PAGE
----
Now, I should probably point out at this juncture the origins of our house’s name. In addition, perhaps it would be pertinent to reiterate the origins of this erstwhile turn of phrase.

“Never Brown in Town”, it is generally understood, refers to the colour of one’s cloth. That is, the colour of your tweeds, which, were you a member of the British aristocracy, you would have worn whilst on your country estate but never into the City. Vis a vis, this was also the view taken on one’s footwear when venturing into the city i.e. no brown shoes with one’s black or grey suit. Navy suits were not a consideration back then and ergo, it should come as no surprise that brown shoes were not worn; if ever there were two colours where a common ground were difficult to find it would be black and brown. Not impossible mind.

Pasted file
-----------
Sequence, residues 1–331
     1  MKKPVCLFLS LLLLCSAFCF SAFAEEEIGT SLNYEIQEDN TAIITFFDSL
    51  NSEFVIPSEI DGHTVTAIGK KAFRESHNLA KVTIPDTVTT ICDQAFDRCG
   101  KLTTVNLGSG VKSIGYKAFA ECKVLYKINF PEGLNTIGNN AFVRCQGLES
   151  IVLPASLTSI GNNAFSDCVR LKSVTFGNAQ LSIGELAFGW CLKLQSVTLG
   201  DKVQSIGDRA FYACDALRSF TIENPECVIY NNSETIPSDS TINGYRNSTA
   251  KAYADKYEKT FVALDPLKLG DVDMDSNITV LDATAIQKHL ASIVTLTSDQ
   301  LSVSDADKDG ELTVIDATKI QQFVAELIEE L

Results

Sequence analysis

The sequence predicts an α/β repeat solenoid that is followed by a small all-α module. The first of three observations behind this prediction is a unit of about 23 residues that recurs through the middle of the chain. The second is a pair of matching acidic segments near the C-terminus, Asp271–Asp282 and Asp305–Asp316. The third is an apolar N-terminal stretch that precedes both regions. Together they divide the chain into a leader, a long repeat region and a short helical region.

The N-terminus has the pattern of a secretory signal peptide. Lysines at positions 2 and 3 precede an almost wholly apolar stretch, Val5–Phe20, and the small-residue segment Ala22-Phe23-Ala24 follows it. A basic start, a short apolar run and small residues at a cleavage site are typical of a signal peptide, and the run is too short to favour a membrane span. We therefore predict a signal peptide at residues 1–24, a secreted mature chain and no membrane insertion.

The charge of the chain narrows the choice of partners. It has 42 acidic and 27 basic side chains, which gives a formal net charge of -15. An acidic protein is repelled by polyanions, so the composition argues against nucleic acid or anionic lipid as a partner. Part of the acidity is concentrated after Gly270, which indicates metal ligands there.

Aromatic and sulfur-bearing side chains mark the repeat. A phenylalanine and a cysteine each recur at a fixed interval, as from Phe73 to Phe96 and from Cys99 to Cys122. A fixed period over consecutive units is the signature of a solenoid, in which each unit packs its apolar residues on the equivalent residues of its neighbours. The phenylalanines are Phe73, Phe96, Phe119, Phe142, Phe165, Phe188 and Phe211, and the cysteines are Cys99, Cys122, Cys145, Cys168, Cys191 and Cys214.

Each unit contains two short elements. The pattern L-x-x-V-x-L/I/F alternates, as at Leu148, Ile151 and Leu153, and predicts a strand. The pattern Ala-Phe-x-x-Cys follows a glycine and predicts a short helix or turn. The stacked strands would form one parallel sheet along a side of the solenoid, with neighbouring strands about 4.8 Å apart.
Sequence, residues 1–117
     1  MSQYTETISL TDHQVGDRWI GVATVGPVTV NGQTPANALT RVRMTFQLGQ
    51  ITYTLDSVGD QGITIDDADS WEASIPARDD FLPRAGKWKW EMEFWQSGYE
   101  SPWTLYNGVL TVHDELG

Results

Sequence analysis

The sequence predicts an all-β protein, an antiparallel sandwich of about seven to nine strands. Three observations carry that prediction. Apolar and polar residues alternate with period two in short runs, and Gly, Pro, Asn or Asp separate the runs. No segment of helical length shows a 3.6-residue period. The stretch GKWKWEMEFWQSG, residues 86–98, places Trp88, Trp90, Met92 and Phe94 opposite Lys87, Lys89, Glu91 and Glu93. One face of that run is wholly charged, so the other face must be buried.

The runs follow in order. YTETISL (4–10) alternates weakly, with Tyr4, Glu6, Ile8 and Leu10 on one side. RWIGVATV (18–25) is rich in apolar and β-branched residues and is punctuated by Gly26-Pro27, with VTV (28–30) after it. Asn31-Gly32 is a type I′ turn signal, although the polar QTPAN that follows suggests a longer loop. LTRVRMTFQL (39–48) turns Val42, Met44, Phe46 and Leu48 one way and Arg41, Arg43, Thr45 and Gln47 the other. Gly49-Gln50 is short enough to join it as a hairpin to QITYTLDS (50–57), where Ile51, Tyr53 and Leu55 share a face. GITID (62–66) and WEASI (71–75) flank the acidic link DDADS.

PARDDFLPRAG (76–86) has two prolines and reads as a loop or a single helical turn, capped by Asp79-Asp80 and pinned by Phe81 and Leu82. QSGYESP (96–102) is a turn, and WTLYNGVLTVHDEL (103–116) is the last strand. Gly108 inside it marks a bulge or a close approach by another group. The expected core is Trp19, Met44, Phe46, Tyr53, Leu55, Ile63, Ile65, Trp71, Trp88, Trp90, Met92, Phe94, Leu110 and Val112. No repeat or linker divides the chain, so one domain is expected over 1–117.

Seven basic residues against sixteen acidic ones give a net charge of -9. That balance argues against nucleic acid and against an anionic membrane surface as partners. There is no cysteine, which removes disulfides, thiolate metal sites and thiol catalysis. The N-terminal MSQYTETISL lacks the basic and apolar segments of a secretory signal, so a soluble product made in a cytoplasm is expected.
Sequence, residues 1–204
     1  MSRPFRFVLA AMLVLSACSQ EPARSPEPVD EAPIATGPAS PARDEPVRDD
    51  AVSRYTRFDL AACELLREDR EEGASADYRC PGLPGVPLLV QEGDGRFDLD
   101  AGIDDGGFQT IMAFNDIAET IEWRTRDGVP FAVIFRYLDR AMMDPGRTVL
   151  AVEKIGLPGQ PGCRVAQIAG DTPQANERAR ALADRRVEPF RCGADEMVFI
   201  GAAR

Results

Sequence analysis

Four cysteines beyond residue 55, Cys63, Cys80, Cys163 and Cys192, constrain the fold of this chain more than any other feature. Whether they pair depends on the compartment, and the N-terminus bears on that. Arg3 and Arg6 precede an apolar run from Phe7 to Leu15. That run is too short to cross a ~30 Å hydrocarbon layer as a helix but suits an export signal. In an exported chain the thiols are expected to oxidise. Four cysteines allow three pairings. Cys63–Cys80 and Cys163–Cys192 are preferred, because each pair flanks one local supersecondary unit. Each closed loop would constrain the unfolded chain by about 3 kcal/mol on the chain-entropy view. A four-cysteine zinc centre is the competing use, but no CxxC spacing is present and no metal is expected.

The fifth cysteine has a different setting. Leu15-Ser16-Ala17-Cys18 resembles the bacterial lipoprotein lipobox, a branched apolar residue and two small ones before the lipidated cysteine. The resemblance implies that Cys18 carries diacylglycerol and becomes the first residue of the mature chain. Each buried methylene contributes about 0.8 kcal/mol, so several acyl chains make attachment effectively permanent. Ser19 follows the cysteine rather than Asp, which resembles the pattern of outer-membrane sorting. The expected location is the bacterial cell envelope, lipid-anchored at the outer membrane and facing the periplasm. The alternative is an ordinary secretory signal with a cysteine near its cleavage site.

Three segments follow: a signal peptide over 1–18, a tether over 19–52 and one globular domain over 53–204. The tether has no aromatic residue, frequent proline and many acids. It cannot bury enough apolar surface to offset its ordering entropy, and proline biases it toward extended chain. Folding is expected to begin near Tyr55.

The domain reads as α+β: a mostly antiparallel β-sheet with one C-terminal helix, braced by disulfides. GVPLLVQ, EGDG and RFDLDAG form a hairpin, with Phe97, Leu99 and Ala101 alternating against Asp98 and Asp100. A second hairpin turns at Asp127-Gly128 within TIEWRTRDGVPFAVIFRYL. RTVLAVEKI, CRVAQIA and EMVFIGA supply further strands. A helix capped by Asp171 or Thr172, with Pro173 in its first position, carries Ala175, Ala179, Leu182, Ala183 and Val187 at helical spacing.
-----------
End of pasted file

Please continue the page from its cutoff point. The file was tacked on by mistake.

Now, if you did not own an estate, nor live in the countryside, it is unlikely that you would have owned tweeds – you were likely to have own led but one suit for the working week and Sunday Best. The problem, I would imagine, occurred when the nouveau riche got their hands on the accoutrement of the aristocracy and start playing the game without having being educated in etiquette and the foibles which accompany them. For example, the unfastening of a jacket or waistcoat’s bottom button. Mere foibles passed down from monarchy to court, which we still adhere to today.

Where I myself fell foul of the code of the school yard, was offering sartorial advice to a visitor to our shores, who had taken a job in the City and was proposing to wear a blue suit and brown shoes. I was asked to set this chap straight by his friend, a contemporary and admirer of my work at a former house. But when I suggested that it all hinged on the particular shade of a pair of brown shoes and the shade of blue of his suit, I fell from grace rather rapidly..!